Similarly, you may hear a lot of stories over the coming days about how performance-based funding either “don’t work” or “can impede access to post-secondary education”. These are both possible ways to read the evidence from the United States, but applying either uncritically to what might be quite a different system in Ontario is a bit fraught. First of all, the American research tends to lump together dozens of different state-level policies to get “sample size”; the problem is that these policies are often quite different in terms of what they are incentivizing and the size of the incentives and so the nature of the “treatment” being measured is pretty ambiguous. And while certain early (and simple) pay-per-graduate schemes do seem to have had the effect of making institutions slightly more selective in their admissions, thus harming access, a turn in recent years to schemes which paid extra specifically for graduates from minority populations seems to mitigate this problem.
But more importantly, nearly all American PBF schemes are a) of the first type and b) focussed exclusively on graduation. From the descriptions we got on budget day, it would seem that neither of these things is true in Ontario: we are talking about a multi-indicator system, not one narrowly focussed on completion, and though it’s not entirely clear from the budget papers/briefings, it sure seems like we’re probably talking about a system of performance-based contracts. In which case, the relevance of any American data to this Ontario exercise should be pretty limited.
Or you may hear things such as this statement from NDP Leader Andrea Horwath – that performance outcomes means the government wants everyone to stop teaching humanities or something. The thing is, nothing we know about the plan we have learned to date suggests that this is the case. First of all, graduate outcomes are very clearly not the only things being measured there and second, we’ve been told each institution will be being measured against its own past record, and not against other institutions which may offer a different palette of programs. Algoma isn’t going to be asked to become like Waterloo, basically. Until we’ve seen more details on the program, I’d say any declarations on this front are hugely premature.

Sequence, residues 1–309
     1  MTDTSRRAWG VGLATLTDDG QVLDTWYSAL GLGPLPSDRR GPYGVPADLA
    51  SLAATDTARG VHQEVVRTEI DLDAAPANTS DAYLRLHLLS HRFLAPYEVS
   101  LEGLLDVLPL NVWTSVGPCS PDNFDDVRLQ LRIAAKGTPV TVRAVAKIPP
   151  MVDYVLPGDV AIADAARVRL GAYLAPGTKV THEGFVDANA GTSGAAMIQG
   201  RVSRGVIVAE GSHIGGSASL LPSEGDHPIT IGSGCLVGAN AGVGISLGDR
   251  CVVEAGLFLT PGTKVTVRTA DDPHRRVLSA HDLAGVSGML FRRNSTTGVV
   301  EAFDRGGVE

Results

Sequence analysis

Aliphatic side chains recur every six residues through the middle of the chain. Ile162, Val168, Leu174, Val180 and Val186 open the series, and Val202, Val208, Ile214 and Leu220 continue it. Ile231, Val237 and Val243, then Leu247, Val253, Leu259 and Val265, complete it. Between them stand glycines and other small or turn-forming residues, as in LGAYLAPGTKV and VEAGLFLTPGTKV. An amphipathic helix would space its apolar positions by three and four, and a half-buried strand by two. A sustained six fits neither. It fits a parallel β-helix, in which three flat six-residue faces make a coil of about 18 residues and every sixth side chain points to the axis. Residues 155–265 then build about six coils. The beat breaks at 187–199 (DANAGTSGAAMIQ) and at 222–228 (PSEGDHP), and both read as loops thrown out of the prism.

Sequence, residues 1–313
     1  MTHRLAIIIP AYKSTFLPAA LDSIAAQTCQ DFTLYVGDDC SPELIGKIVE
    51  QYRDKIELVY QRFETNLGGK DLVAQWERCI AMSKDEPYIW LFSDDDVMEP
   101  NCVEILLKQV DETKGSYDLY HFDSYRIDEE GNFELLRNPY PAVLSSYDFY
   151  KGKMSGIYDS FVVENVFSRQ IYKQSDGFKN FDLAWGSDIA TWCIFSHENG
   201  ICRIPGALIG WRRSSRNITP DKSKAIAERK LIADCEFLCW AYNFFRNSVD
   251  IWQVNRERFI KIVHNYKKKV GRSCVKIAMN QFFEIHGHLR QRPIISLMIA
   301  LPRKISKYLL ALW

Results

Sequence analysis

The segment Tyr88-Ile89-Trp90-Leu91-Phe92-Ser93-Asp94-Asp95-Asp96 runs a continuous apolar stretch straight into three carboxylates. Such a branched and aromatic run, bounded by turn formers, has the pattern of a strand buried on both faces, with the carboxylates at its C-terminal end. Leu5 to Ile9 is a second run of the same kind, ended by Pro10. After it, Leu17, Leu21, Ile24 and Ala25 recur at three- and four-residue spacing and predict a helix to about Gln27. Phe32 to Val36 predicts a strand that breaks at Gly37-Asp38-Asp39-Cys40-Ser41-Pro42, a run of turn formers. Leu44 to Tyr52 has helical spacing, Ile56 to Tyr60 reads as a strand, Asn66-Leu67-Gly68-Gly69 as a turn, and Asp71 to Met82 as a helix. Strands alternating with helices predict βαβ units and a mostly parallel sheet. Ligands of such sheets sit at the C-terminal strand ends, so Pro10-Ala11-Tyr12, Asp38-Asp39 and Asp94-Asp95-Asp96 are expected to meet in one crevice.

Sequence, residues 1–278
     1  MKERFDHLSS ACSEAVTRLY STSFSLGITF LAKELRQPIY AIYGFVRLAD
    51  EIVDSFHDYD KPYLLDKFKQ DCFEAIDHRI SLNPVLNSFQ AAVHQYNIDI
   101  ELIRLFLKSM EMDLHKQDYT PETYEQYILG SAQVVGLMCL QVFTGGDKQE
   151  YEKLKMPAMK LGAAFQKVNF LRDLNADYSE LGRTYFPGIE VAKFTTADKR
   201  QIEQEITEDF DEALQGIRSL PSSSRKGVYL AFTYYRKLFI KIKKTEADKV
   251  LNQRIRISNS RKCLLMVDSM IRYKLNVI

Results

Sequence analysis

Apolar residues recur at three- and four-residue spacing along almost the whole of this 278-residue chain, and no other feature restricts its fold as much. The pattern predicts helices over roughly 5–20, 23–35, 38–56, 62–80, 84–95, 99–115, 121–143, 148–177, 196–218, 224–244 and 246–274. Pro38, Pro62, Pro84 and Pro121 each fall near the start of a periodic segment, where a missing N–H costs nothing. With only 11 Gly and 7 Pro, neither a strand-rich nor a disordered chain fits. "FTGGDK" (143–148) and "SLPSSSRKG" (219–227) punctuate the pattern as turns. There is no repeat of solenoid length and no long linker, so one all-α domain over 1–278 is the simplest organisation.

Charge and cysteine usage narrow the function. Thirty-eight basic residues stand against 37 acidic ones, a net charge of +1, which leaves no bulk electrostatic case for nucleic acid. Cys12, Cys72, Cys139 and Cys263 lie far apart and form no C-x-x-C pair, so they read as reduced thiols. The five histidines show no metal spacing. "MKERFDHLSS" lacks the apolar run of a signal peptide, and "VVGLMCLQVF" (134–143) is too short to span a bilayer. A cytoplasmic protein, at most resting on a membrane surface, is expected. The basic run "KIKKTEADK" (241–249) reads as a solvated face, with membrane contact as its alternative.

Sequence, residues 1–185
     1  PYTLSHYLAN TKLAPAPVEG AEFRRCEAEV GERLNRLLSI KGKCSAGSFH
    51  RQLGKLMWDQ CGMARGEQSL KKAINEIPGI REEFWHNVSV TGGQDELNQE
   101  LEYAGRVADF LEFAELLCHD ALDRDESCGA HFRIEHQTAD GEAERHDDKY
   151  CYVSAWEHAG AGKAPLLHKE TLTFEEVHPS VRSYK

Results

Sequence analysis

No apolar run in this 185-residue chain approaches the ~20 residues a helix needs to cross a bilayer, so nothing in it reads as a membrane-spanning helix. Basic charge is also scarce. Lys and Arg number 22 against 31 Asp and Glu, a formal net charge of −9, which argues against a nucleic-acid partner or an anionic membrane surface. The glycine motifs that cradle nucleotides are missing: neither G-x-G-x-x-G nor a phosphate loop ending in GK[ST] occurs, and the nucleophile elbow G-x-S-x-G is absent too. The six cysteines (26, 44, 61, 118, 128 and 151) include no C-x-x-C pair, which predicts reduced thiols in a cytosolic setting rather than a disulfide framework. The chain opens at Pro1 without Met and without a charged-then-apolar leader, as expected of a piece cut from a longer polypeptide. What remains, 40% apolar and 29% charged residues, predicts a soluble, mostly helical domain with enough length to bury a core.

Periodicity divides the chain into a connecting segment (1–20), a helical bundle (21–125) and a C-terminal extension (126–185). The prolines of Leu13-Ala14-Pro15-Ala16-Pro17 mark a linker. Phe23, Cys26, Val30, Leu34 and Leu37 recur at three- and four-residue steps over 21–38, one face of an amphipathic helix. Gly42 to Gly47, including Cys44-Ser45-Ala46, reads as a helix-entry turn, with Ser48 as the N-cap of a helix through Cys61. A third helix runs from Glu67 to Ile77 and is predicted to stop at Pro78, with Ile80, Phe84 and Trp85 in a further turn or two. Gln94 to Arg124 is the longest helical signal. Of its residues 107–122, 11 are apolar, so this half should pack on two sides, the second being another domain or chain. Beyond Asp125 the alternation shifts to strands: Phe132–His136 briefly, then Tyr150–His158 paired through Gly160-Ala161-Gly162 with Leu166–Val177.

I don’t mean to sound Pollyanna-ish about the Ontario government’s scheme: there may turn out to be all sorts of problematic aspects to the initiative when it is eventually given form, some of which I covered back on Friday. For one thing, I am pretty sure ten indicators are too many, particularly if institutions are given some ability to weigh a couple of them down to zero or near-zero. The definition and operationalization of each indicator will be tricky, and I guarantee you that at least one of them will be as dumb as a bag of hammers. And even the non-dumb ones could be problematic; it’s all very well to reward institutions for improving their graduates’ employability, but what happens to institutions in a recession when everyone’s employment numbers tank simultaneously? Will that be viewed as “poor performance” and funds docked accordingly? Then there is the ambiguity about what happens to dollars that each institution “loses” – does it stay in the system or does it go back to Treasury? – which is deeply problematic as it suggest the motive of the scheme is less continual institutional improvement than it is generating savings.
In other words, thrashing out this policy is going to be a tough and complicated set of discussions. Let’s not make it more complicated by dealing in poorly-though-though or weakly-evidenced critiques that aren’t based on the actual proposals at hand.